Blog post author: Lena Harris
Note from author: I would like to extend many thanks to Cassie Koester for her contributions in the early content planning for this blog. Though she was unavailable this month to join me in writing this post, I have tried to do justice to our conversations throughout this shared experience.
There is a well-known African Proverb that says, “If you want to go fast, go alone. If you want to go far, go together.” This applies to several situations, and the field of implementation science is no exception. Implementation practice is a marathon not a sprint, and often the “who” of this work plays as critical a role as the “what.” We encourage partnership in our work with human service agencies and community partners, but as Implementation Specialists we also stand to gain from collaborating with colleagues across projects.
As members of the Impact Center work group, in August we had an opportunity to work with the National Implementation Research Network’s (NIRN) State Implementation and Scaling-up of Evidenced-based Practices (SISEP) project on the Active Implementation (AI) Hub redesign and saw firsthand all that cross-project collaboration has to offer. Below, you’ll find the most memorable lessons our work group learned about cross-project collaboration and how they serve to advance our development as individual practitioners and, when used well, how they may enhance the landscape of the field overall.
1. Cross-project collaboration facilitates connection
One of the most foundational lessons we identified during our time collaborating with NIRN’s SISEP project is the value of connection and network building. The Frank Porter Graham Child Development Institute (FPG) has done a stellar job finding ways to support connectivity in this hybrid environment, but the experience of meeting colleagues and building your network virtually, especially as a newcomer, can be challenging. FPG supports a very diverse portfolio of projects, and our collaborative experience gave us exposure to NIRN’s project array and the team members (affectionately self-referred to as NIRNians) that support them. Implementation specialists, project managers, and members of the data team each brought their own unique perspective that informs their work, and this was reflected in the robust discussions that took place during team meetings and peer learning opportunities.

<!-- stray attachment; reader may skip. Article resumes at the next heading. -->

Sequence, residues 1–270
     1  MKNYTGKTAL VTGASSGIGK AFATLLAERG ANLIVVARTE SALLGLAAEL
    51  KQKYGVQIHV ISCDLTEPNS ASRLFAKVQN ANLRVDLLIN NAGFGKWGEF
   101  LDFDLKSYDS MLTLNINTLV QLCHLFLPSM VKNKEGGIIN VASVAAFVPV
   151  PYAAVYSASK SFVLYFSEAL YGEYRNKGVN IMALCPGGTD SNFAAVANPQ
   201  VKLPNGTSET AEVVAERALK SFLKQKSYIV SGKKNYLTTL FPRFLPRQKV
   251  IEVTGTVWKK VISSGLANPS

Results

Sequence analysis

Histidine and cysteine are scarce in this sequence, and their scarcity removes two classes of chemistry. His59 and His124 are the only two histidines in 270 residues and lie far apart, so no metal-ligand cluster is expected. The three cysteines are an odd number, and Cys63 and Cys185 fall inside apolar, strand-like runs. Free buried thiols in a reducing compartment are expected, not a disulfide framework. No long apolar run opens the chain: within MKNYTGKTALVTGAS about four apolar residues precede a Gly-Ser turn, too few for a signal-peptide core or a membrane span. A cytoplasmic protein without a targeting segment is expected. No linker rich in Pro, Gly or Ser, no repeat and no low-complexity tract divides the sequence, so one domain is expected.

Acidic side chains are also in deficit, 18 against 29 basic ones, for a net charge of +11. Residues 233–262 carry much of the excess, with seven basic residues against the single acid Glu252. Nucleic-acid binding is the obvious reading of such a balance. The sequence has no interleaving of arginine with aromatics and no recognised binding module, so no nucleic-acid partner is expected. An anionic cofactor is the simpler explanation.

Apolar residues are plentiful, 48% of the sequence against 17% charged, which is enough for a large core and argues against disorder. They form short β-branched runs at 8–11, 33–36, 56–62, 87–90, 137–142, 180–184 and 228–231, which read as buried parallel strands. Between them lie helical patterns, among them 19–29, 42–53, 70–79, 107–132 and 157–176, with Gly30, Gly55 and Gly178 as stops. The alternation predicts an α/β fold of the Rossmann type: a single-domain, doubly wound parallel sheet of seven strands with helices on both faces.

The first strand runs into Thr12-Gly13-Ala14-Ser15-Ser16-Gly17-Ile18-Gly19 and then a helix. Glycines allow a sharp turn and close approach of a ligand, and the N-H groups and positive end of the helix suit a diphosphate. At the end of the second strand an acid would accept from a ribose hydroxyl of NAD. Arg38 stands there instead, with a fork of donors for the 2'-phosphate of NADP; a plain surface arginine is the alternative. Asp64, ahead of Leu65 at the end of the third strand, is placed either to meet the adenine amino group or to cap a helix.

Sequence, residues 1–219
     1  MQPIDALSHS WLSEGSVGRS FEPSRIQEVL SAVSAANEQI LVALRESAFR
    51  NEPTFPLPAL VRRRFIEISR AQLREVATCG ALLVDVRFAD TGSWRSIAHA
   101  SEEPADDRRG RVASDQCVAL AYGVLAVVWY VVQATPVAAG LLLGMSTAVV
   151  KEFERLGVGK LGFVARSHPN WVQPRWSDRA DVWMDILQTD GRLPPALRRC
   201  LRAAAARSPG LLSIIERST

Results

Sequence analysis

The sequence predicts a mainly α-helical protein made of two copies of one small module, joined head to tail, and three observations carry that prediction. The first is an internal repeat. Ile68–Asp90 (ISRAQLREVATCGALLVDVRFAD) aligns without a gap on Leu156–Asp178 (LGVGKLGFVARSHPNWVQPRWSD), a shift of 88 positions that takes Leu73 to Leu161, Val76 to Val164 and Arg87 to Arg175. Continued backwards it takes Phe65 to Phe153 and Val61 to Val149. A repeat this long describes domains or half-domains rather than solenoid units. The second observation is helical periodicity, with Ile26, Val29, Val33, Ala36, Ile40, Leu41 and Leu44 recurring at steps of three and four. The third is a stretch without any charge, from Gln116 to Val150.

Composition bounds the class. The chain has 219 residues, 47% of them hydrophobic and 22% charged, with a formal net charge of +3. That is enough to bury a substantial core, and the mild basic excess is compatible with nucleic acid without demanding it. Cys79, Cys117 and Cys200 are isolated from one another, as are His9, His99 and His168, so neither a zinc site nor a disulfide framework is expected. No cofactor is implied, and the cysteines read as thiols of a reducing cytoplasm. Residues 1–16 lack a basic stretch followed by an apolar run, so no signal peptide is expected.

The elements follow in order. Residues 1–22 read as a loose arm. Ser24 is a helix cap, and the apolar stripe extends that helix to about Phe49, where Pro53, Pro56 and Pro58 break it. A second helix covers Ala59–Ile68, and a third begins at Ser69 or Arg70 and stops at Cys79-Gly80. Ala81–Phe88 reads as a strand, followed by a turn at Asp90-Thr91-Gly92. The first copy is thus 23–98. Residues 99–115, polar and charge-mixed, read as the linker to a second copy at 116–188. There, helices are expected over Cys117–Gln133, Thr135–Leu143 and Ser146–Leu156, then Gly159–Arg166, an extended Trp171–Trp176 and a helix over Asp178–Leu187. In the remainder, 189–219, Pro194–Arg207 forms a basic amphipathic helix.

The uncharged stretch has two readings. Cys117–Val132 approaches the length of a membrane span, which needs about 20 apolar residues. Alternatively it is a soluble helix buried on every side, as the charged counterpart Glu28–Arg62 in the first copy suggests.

As I am writing, I am reminded of a particular scenario in which we found ourselves discussing articles that were selected for the meeting and our particular group had the very mix of people mentioned above. After a quick laugh about how there were fewer implementation specialists in our discussion group than in others, we soon found ourselves deep in conversation about scaling up usable innovations. Each of us referenced content we’d read or watched in other contexts and connected our personal experiences as well. In connecting this way over the material, rich discussion about an implementation science hot topic also provided some great grounding in the relevance of the field and applicability of the concepts and strategies. This experience serves as an ever-present reminder that when we bring ourselves to our work, the authenticity we bring builds on the knowledge we share in unique ways.
This experience serves as an ever-present reminder that when we bring ourselves to our work, the authenticity we bring builds on the knowledge we share in unique ways.
2. Cross-project collaboration creates opportunities to nurture budding professional interests
Building on the benefits of foundational connection and network building, it has been our experience that cross-project collaboration creates opportunities for additional professional development, leading to greater career growth. During one of the project meetings we attended, there was mention of the Diversity, Equity, and Inclusion in Research (DEIR) certificate program, which was to begin soon. Because there was a member of the group who participated in the pilot, we spoke about her experience, which ultimately convinced me to enroll in the current cohort. There are many professional development opportunities available at UNC and at times it can be challenging to balance project responsibilities and professional development interests. Ultimately, having someone answer questions and provide their personal reflections made the difference in my decision to enroll.